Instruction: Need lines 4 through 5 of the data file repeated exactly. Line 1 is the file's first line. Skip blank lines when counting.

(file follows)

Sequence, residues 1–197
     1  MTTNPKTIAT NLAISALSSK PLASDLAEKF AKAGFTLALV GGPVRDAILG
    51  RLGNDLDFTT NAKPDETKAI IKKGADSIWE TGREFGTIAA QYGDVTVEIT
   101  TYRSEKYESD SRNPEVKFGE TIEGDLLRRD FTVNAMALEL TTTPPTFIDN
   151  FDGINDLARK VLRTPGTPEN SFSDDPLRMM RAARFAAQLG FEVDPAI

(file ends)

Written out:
   101  TYRSEKYESD SRNPEVKFGE TIEGDLLRRD FTVNAMALEL TTTPPTFIDN
   151  FDGINDLARK VLRTPGTPEN SFSDDPLRMM RAARFAAQLG FEVDPAI